Breaking the TV News Mold

Today’s broadcast and cable news pundits are both independent thinkers and independent dressers.

Photo Credit: Amy Lombard for The New York Times

By Teddy Tinson

One day in January, Sunny Hostin, an ABC News senior legal correspondent and a host of “The View,” was sitting behind a desk on the “Nightline” soundstage talking to the ABC News correspondent Linsey Davis about a Purdue University “rape by fraud” case. She was wearing a tropical print wrap dress with blouson sleeves, a small gold “S” pendant necklace and a flowing mane of honey-colored, stadium-concert-ready curls.

“People think if you’re too glamorous, you must not be smart,” she had said in an interview in her office a few weeks earlier. A lawyer and former federal prosecutor who has won three Emmys — two for her work as a “Good Morning America” correspondent and a third for “The President and the People,” an ABC News special on Barack Obama — Ms. Hostin is doing her best to change all that.

Along with two other former lawyers, Zerlina Maxwell, 37, who is an MSNBC political analyst, and Maya Wiley, 55, an NBC News and MSNBC legal analyst, Ms. Hostin, 50, represents the new face of political news punditry.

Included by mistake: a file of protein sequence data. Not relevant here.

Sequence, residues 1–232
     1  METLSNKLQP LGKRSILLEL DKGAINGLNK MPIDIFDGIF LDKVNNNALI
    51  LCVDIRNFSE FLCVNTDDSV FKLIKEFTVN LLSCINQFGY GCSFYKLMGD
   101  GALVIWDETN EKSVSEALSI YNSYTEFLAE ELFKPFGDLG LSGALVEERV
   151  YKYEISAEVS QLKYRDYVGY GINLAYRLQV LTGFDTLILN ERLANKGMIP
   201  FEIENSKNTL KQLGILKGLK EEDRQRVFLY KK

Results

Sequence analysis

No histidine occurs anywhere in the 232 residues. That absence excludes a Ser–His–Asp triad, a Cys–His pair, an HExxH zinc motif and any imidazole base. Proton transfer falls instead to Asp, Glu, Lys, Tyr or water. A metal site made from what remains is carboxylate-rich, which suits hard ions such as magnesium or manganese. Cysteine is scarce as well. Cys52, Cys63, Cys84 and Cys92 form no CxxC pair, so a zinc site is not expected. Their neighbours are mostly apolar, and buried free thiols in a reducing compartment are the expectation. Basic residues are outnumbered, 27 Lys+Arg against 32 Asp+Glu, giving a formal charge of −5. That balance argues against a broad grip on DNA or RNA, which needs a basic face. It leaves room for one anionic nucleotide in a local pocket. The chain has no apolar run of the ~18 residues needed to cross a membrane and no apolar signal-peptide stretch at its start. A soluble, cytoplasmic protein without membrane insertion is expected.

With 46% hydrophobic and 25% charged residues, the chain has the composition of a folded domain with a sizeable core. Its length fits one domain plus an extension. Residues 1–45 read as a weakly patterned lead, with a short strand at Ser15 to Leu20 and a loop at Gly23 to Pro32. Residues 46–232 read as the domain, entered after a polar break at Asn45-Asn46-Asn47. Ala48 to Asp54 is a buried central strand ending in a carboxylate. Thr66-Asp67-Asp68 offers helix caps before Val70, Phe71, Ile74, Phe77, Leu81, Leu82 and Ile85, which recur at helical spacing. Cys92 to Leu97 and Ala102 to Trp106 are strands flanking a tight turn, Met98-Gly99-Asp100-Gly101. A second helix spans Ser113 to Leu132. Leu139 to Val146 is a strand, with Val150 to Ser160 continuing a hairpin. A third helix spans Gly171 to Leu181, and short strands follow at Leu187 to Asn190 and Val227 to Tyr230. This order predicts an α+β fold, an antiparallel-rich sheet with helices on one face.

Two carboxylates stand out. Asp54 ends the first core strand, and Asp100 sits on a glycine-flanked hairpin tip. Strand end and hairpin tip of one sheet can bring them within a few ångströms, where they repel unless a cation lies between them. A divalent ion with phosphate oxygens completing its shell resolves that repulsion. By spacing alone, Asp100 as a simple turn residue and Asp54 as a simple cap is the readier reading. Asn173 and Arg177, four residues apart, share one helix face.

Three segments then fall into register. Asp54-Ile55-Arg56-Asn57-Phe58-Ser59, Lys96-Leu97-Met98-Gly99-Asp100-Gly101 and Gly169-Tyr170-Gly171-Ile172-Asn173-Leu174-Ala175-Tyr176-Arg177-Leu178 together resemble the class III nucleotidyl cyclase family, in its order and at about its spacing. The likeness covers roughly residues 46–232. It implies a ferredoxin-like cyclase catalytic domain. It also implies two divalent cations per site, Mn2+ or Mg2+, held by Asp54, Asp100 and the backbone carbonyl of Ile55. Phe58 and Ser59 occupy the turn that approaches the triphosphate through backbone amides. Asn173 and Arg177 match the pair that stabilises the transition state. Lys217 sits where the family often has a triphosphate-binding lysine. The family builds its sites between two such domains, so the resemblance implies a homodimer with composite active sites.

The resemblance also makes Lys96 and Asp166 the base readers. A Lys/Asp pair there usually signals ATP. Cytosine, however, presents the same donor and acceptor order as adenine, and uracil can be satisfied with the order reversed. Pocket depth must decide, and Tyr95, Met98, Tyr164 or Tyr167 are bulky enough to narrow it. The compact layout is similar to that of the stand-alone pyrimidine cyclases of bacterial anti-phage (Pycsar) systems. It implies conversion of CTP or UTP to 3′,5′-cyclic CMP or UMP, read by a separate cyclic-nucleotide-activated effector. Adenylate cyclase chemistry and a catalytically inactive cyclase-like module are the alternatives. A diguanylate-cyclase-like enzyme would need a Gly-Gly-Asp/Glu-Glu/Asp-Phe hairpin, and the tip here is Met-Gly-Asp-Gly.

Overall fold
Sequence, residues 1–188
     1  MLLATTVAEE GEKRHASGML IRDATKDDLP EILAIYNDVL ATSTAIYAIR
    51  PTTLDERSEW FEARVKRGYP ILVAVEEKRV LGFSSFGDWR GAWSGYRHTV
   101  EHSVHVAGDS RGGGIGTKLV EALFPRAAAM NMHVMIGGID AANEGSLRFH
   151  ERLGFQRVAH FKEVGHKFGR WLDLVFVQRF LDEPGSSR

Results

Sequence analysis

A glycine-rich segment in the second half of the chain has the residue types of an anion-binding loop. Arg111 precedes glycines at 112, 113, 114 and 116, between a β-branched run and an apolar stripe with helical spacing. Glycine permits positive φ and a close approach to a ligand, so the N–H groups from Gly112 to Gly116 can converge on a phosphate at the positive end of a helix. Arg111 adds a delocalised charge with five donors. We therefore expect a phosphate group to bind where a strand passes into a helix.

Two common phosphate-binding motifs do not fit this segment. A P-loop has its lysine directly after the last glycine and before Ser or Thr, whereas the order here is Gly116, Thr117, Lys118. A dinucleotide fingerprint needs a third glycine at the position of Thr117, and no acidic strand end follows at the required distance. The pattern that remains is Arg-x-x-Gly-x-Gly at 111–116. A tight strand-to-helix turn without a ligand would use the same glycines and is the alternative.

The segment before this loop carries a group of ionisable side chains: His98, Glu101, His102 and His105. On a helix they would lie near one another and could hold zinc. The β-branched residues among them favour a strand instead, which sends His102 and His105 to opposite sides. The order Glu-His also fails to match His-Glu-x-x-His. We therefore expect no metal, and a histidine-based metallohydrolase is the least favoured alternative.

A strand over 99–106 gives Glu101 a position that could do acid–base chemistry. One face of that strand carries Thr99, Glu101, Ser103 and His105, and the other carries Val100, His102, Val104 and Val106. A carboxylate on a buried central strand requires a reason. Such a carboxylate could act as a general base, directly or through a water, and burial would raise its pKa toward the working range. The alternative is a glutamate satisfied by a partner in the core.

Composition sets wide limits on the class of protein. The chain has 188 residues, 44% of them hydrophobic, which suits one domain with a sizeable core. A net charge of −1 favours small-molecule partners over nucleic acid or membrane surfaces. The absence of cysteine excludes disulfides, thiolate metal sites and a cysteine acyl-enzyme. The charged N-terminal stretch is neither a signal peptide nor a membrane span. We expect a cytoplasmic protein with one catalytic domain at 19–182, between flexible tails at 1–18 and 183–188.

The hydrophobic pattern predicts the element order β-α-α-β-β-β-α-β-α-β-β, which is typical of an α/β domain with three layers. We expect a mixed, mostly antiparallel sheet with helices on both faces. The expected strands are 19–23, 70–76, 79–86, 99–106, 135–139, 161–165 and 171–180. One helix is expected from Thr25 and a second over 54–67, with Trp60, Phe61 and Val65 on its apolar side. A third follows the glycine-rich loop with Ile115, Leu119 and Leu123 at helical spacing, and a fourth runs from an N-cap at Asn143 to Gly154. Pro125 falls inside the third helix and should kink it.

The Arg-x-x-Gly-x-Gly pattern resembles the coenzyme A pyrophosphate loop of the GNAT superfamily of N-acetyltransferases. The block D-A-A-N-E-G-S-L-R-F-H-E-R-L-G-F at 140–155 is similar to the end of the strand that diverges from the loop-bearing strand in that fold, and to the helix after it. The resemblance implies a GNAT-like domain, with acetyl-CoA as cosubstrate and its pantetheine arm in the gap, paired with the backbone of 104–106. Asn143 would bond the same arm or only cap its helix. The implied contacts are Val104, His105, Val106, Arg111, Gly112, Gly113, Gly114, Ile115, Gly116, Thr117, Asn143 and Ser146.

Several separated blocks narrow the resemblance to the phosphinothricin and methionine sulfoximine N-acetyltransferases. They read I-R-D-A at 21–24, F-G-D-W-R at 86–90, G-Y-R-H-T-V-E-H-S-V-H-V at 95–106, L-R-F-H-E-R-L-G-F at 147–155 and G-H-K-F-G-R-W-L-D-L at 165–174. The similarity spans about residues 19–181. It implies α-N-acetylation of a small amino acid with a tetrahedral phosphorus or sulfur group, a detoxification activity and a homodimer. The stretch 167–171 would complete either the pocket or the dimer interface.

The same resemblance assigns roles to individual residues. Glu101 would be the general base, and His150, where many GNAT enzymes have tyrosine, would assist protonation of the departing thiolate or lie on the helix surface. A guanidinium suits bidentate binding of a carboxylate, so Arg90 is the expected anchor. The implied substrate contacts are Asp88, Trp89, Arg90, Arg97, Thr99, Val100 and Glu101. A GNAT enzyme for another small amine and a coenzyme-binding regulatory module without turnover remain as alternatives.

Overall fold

Traditionally defined by news media personalities like Megyn Kelly and Kimberly Guilfoyle in bright-and-tight sleeveless sheaths, or besuited broadcast journalists like Diane Sawyer and Katie Couric, the image is ripe for reinvention, and women like Ms. Hostin, Ms. Maxwell and Ms. Wiley are challenging the antiquated aesthetics of the television workplace.

And they’re ready to air their views. “For people with the access, you have to share the information,” Ms. Hostin said. “I’m just trying to kick open the doors.”

These are edited excerpts from individual conversations with the three women.

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